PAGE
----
WASHINGTON — The long-awaited announcement for DC Public Schools reopening plan is on hold for now. Mayor Muriel Bowser and school leaders said their preference is in-person instruction, but said it's not safe to make that call yet.
Bowser said parents, students and teachers will hear if schools will use an all-virtual model or a hybrid model on July 31.
“It’s a big sigh of relief to move Summer Bridge to online-only,” Maria Helena Carey said reacting to the news that the volunteer transition program for grades 3,6, and 9 will no longer be in-person on Aug. 10.
“I don’t know what inspired her to change her mind, but I’m glad she did,” Elizabeth Davis, president of the Washington Teachers Union, said.
Mayor Bowser, along with school leaders, said the virus will dictate how they proceed with the start of school on Aug. 31.
“All-virtual will always be an option, or if we can add the option of hybrid, [where] you come in for a couple of days or one day depending on your grade level," Bowser said.
The mayor and school leaders were supposed to make their school announcement at the newly renovated Maury Elementary School on Capitol Hill, but abruptly canceled the scheduled tour of the school, without explaining the change of venue, simply calling it an "inconvenience" for reporters.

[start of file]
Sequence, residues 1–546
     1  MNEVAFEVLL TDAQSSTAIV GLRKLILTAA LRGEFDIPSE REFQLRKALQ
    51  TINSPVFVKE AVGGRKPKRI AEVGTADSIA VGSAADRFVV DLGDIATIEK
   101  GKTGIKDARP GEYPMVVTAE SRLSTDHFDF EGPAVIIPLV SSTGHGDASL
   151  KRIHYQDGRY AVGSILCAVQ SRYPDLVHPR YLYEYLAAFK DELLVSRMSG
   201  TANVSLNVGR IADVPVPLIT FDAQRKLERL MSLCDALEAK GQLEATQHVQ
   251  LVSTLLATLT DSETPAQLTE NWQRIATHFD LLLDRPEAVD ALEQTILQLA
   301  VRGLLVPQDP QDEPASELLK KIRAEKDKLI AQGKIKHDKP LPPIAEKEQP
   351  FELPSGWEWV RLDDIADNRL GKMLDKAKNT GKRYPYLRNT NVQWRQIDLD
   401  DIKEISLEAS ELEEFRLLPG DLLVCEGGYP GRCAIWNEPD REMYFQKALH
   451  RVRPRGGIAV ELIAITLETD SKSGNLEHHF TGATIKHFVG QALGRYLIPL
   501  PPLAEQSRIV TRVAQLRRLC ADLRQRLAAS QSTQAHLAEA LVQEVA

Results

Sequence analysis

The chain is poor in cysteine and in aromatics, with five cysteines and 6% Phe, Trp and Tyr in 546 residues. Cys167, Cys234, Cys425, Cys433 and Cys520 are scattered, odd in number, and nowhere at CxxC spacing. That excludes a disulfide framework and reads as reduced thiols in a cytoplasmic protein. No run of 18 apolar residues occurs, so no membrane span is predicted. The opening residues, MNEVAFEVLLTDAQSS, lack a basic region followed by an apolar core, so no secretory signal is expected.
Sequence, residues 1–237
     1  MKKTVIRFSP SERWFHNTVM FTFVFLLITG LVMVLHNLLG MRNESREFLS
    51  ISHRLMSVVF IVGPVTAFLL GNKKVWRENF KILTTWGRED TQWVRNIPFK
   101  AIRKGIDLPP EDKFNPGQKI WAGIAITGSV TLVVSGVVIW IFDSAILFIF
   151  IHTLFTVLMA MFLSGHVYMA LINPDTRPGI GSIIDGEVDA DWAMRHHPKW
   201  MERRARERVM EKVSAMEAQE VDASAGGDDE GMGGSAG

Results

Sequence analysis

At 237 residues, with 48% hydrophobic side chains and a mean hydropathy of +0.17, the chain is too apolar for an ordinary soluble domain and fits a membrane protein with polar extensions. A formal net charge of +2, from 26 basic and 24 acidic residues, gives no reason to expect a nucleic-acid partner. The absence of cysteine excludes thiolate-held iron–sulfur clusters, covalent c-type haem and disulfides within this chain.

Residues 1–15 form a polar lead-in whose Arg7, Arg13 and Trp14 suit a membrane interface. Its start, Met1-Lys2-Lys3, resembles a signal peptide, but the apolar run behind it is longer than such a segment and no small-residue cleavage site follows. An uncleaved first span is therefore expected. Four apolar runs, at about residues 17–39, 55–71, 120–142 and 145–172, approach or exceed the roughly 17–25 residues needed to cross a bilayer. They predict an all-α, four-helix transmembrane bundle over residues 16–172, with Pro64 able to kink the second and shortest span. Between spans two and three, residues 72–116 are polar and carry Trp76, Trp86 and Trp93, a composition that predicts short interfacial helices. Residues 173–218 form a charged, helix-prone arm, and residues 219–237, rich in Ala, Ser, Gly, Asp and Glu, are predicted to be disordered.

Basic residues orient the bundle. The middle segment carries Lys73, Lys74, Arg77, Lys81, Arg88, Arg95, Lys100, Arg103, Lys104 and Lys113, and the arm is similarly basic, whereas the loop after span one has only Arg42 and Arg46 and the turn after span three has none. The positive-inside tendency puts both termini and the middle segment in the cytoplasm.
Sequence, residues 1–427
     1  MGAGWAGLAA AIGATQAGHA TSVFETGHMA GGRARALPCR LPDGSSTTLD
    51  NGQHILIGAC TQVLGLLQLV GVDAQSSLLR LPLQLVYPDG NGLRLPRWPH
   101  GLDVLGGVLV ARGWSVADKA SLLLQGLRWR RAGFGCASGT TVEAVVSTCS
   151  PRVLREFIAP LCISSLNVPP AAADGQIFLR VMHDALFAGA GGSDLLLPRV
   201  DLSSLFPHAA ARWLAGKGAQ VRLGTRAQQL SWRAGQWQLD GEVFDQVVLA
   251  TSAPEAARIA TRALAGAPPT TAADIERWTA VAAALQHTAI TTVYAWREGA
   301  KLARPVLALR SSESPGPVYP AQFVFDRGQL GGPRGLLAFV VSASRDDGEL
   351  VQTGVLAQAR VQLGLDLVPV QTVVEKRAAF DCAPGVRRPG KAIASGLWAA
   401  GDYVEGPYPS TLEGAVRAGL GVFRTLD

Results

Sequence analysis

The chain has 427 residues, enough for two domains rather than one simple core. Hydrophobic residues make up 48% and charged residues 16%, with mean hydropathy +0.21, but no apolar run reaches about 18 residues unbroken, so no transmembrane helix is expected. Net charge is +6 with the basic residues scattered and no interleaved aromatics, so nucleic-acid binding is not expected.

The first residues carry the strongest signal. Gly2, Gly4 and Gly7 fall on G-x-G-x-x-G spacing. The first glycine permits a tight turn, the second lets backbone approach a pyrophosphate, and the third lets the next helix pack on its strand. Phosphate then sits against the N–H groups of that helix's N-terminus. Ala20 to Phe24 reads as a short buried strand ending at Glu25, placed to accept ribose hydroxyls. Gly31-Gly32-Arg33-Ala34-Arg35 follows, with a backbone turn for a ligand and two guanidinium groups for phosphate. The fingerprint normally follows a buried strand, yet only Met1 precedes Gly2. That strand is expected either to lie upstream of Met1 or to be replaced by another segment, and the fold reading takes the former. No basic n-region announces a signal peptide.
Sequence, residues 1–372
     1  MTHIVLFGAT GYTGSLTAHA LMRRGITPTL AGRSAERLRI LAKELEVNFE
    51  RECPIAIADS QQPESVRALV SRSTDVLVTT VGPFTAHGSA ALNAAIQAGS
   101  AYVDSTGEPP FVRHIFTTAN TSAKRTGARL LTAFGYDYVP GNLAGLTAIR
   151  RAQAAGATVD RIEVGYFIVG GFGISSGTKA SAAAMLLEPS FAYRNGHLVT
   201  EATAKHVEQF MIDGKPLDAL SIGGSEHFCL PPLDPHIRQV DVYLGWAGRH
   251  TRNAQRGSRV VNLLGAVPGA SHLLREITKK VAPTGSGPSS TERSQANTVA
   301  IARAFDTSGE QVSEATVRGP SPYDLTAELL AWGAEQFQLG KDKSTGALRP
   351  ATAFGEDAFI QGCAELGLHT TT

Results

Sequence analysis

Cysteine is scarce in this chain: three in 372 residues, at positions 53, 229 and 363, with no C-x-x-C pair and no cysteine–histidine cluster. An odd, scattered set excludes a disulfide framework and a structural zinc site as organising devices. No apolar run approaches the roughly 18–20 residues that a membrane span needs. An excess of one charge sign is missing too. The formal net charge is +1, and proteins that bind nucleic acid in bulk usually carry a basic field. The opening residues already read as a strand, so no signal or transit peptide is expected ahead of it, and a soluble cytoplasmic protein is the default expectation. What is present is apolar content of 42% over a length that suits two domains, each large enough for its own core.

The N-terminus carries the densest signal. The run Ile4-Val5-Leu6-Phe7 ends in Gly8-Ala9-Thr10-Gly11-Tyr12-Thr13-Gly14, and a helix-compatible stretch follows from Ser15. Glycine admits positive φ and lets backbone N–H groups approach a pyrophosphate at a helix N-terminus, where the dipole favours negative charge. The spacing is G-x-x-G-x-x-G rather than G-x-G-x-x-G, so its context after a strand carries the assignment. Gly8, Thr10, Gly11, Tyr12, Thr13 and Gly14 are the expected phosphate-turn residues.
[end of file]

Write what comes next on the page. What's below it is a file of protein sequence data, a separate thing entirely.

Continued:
Based on slides presented at the news conference, if DCPS moves toward a hybrid model, schools will be closed on Wednesdays for deep cleaning. School leaders said children will stay in small groups with teachers for social distancing and contact tracing purposes.
“We do know that there are parents who need to get back to work and will not have the luxury of being at home with their children," Davis said. "But we also know that those parents want their children to be safe, no matter what model we use for reopening."
But the Washington Teachers’ Union still has questions about a proper safety plan for students and teachers.
“We have a majority of our teachers with underlying health conditions, who have expressed a need to work virtually and should have the option to do so," Davis said.
As for Carey, she still has plenty of questions of her own, but right now she said she's satisfied school leaders are recognizing safety takes precedent over any re-opening plan.
“It feels good that this was addressed directly, and it feels like they're on the right track,” she said.
The WTU and numerous education advocates continue to lobby the DC Council for $11 Million investment to give every DCPS student a laptop or tablet, especially if schools return to 100% distance learning. District leaders insist they have enough money to cover students’ needs.
DCPS Chancellor Lewis Ferebee said 10,000 devices and 5,000 hot spots were distributed in the spring. The school system is purchasing an extra 36,000 LTE (Long Term Evolution) devices that are equipped with wireless broadband.
The Mayor said there will be a series of town halls prior to the new school announcement on July 31.